The latest disclosure by former American spy contractor Edward Snowden, published this week by the Guardian newspaper, suggests Ottawa-based Communications Security Establishment Canada helped its British and U.S. counterparts with the project.
One goal, according to the Guardian, was to take advantage of "leaky" smartphone applications, such as "Angry Birds" — a game in which feathered creatures attack tiny pigs — that transmit users' private information into cyberspace.
The data from iPhone and Android apps include everything from phone model and screen size to personal details such as age, gender and even sexual orientation, the newspaper reported.
Accompanying the article was a leaked 2010 presentation slide prepared by Britain's Government Communications Headquarters, known as GCHQ, saying targeted exploitation of Android-type phones was carried out in "collaboration with CSEC."
The Guardian also noted GCHQ's "targeted tools" against individual smartphones — in keeping with the playful theme — were named after characters in the TV series "The Smurfs." For instance, an ability to make the phone's microphone 'hot' — to listen in to conversations — was dubbed "Nosey Smurf" and a means of surreptitiously activating a phone that is apparently turned off was branded "Dreamy Smurf."
Lauri Sullivan, a CSEC spokeswoman, was tight-lipped about the allegation of smartphone tapping.
"As you might expect, CSE cannot comment on its operations, methods or capabilities, nor those of its allies."
The Guardian article quoted a spokeswoman for the National Security Agency, CSEC's American ally, as saying phone interception techniques are used only against "valid foreign intelligence targets" — not everyday mobile customers.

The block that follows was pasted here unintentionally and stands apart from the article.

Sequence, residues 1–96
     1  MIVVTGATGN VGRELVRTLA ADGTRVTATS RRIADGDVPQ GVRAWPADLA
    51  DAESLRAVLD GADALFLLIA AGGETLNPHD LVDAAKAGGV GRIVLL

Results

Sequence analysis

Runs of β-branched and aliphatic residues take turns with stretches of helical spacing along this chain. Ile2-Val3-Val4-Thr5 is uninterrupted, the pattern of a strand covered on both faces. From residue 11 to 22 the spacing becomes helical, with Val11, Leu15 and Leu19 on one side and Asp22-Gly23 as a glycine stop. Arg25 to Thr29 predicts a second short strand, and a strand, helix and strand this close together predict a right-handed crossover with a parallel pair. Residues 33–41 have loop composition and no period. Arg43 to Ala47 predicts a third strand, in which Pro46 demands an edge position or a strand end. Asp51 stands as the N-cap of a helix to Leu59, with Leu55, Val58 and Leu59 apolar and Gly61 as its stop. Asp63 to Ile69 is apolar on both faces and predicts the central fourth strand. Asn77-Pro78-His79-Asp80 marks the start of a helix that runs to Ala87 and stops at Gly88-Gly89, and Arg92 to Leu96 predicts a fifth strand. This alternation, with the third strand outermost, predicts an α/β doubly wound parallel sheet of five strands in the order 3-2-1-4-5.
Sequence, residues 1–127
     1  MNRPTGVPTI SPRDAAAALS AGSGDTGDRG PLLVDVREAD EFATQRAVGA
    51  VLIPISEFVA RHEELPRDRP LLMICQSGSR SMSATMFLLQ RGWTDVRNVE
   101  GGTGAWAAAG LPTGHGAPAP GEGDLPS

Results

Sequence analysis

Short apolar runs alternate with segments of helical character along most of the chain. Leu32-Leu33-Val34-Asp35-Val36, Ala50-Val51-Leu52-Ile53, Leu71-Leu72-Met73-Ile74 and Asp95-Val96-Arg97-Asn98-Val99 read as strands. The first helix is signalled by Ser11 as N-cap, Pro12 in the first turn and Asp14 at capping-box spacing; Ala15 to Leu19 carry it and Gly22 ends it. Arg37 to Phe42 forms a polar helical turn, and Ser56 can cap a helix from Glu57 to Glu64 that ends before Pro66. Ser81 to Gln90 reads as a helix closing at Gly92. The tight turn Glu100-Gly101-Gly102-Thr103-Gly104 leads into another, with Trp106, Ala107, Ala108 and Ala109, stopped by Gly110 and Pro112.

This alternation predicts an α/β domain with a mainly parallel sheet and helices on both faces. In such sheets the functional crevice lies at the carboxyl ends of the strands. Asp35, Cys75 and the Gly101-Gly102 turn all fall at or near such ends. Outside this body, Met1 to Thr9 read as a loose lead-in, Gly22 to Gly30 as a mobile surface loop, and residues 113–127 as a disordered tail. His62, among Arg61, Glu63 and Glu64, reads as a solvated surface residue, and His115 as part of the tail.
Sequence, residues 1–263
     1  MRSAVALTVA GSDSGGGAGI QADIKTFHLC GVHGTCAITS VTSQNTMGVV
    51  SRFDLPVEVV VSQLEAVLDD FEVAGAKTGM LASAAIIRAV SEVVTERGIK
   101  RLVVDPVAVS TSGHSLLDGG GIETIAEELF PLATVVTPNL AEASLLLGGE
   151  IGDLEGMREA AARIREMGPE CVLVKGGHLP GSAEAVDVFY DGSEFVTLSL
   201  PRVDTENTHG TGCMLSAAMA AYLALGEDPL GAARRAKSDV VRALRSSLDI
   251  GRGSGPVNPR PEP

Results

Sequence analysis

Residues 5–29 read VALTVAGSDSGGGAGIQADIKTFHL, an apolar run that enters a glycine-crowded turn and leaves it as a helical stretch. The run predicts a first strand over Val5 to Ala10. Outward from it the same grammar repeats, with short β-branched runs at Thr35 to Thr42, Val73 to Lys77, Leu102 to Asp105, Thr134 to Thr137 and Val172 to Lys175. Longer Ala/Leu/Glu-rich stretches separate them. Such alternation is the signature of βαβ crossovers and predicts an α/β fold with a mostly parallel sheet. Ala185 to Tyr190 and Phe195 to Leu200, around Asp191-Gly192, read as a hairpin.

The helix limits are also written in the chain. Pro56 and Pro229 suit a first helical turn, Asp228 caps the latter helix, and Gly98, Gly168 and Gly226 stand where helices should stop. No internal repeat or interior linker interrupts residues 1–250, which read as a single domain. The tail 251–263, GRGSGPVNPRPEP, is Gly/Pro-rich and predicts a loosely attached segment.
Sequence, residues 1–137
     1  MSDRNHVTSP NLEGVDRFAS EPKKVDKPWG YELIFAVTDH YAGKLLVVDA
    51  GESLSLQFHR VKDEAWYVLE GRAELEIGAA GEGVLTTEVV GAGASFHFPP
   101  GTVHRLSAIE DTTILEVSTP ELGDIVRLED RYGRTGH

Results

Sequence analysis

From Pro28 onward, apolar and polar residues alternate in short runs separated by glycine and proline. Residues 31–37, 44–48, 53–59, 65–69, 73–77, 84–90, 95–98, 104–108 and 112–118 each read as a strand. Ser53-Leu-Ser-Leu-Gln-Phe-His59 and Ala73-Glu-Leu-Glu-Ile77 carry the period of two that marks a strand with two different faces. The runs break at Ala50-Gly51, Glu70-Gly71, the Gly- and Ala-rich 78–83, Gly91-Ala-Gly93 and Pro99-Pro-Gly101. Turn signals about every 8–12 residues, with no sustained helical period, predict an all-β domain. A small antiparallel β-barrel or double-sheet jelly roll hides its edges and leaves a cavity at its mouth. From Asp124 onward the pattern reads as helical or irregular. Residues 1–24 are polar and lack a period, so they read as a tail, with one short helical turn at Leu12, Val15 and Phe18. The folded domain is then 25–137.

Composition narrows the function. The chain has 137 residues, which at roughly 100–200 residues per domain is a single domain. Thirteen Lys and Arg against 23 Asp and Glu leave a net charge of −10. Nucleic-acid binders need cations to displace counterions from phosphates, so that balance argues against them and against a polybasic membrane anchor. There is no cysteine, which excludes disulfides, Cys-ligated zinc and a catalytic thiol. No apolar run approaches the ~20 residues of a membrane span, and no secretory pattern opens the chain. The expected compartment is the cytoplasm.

CSEC monitors the foreign computer, satellite, radio and telephone traffic of people, states, organizations and terrorist groups for information of intelligence interest to Canada.
Its role has come under intense scrutiny due to leaks by Snowden, who once worked for the NSA.
Material disclosed by the whistleblower last year indicated that Canada helped the United States and Britain spy on participants at the London G20 summit in 2009. Other documents from Snowden's cache suggested CSEC once monitored Brazil's department of mines and energy.
The latest revelation came as the federal privacy watchdog released a report calling on CSEC to tell Canadians more about what it's doing.
The eavesdropping agency — which employs about 2,000 people and has a budget of more than $400 million — should table an annual public report in Parliament describing its ongoing activities, said interim privacy commissioner Chantal Bernier.
Bernier also recommended Tuesday that CSEC disclose annual statistics on cases in which it assists other federal agencies with requests for interception, which can include monitoring of Canadians.
The recommendations are among several intended to bolster protection of privacy rights in national security efforts.
"In our view, the current Canadian system of intelligence oversight would operate better if fine-tuned to new operational realities," says Bernier's special report.
The traditional divide between foreign and domestic threats has eroded in the digital era, it says.
Moreover, telecommunications companies have been drawn into the web of intelligence-gathering on behalf of Canadian spy services, the report notes, creating a need for proper privacy protection.
"While secrecy may be an inherent aspect of many intelligence activities, so is accountability," the report says.
"National security claims do not reduce accountability obligations and security bodies must account to Canadians for what they do with personal information."
Sullivan said the federal government will review the privacy commissioner's recommendations. "CSE is taking steps to better inform Canadians about our activities, including publishing new fact sheets on our website," she added.
The commissioner's report also calls for:
— Strengthening the powers of the federal bodies that review national security operations;
— Modernization of the Privacy Act — passed three decades ago — to allow the privacy commissioner to co-operate with other oversight bodies on national security issues;
— A public status report on the recommendations of the Air India bombing inquiry as well as those of the policy review stemming from the overseas torture of Maher Arar.
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